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3 hidden Samsung Galaxy camera features you should be using

Samsung's kitchen sink approach to features carries over to its camera app, where the most useful tools are hidden in plain sight.
Written by June Wan, Technology Editor on
Reviewed by Alyson Windsor
Taking a photo with the Samsung Galaxy Z Fold 4 flex camera
June Wan/ZDNET

It's true, smartphone cameras have gotten so good over the past years that no matter which flagship (or even mid-range device) you buy, the output should be more than passable. Now, it's just a matter of how we can capture even better photos.

Also: How to use the Galaxy S23's new magical Photoshop-like trick

In this guide, I'll break down three hidden camera features found on Samsung Galaxy devices, because (1) Samsung smartphones make up a good chunk of the global market, and (2) they're often packed with a few too many features for a regular person to sufficiently explore -- many of which, sadly, are actually quite useful. Read on.

1. Shot suggestions for better framing

As weird as it sounds, I like to compare framing a photo to plating food. How the food (or, in a photo's case, the subject) is presented evokes a certain emotion and response, either positively or negatively. That's why Samsung's Shot suggestions is a feature I highly recommend turning on, even if you no longer consider yourself to be a beginner photographer.

Review: Samsung's Galaxy S23 Plus is the Goldilocks of its 2023 smartphone lineup

The feature, which is turned off by default, uses your phone's AI object detection to give you an indicator of where to best position the camera. With a bit of shifting and tilting, you can easily capture your subject without it looking off-centered. Here's a GIF demoing Shot suggestions.

June Wan/ZDNET

You can turn on the feature by opening the camera app, tapping the settings icon (gear), and then toggling on "Shot suggestions".

2. Floating shutter button

I feel like I say this year after year but smartphones are becoming increasingly unwieldy. The Samsung Galaxy S23 Ultra that I recently reviewed had a massive 6.8-inch display which, especially when encased by a case, made taking photos an ergonomic nightmare. 

Review: Samsung Galaxy S23 Ultra: Best smartphone of the year (so far)

One feature that genuinely helps with capturing photos and videos in comfort is the floating shutter button. It's a setting that's existed in Galaxy phones for years now, but I'm always surprised by the number of people who don't know about it, and are delighted when they do.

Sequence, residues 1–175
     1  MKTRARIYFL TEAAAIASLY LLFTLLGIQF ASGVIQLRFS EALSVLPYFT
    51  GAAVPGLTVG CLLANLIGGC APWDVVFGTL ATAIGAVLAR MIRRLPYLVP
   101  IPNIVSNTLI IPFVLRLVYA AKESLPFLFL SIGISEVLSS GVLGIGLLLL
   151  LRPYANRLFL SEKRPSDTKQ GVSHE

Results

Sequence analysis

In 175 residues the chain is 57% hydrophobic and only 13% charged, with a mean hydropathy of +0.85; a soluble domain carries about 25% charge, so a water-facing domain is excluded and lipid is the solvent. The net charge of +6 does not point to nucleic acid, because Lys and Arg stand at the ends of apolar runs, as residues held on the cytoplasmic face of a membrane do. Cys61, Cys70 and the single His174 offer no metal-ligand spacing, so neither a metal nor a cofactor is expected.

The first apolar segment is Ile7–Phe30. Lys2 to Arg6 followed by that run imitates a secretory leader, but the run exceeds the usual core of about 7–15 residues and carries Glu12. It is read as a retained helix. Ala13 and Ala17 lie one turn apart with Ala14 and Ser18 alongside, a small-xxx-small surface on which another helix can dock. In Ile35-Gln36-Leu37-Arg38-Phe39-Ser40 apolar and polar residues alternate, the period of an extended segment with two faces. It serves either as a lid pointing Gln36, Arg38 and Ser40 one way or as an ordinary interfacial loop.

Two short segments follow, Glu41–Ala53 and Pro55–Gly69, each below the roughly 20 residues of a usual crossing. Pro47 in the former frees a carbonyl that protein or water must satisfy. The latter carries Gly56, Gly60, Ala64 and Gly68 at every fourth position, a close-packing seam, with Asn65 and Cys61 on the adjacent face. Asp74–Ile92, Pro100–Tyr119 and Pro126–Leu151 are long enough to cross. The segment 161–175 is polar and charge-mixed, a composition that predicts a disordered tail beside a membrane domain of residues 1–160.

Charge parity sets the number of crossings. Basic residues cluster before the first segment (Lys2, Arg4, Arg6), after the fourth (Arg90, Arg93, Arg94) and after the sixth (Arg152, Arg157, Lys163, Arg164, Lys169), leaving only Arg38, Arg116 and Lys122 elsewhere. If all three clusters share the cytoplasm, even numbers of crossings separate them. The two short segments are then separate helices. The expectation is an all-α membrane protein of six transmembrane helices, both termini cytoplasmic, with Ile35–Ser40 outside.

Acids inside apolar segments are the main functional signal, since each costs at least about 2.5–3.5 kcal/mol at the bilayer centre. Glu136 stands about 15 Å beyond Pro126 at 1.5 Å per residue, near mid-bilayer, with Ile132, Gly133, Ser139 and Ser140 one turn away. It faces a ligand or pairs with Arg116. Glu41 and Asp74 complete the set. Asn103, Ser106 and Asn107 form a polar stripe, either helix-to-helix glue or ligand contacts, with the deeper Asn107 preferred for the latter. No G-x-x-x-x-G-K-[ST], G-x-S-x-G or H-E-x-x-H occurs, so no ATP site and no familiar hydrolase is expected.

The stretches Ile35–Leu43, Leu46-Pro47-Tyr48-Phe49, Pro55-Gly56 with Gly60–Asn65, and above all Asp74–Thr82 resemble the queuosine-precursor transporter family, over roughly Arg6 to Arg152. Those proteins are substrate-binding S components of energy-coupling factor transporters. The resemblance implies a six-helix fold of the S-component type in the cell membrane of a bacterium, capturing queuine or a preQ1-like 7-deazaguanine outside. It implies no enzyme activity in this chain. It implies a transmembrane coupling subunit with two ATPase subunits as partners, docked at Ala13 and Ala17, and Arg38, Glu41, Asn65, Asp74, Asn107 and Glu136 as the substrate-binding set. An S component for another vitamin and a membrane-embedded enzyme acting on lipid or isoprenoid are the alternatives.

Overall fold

June Wan/ZDNET

You can activate the floating shutter button by opening the camera app, tapping the settings icon, then "Shooting methods", and toggling on "Floating Shutter button". 

Also: The 6 best Samsung phones   

Also: Google Pixel's magical camera feature is finally coming to iPhones (and other Android phones)

To use the feature, all you have to do is, from the main camera screen, swipe outward from the shutter button as if you're pulling it away from its default spot. A second shutter button should appear, which you can drag to anywhere on the screen that you'd like. I've found the upper right corner to be the most natural when the phone is held in landscape orientation.

3. Hands-free capturing

When it comes to taking family photos or really anything that involves setting the phone down, a countdown timer is often your best friend. But, to save someone from having to set a timer and quickly find an open spot to squeeze in, try using a voice command or palm gesture to trigger the photo capture.

Also: 5 hidden features on the new Galaxy S23 series

From the camera settings, tap on "Shooting methods", and then toggle on "Voice commands", "Show palm", or both. You can use them interchangeably. When activated, you can trigger your phone's shutter button when you say one of the keywords ("Smile", "Cheese", or even "Record video") or simply show your palm -- think waving your hand at the camera. 

The best part is, both methods automatically set a two-second timer so you have a moment to set your hand down and position yourself just right.

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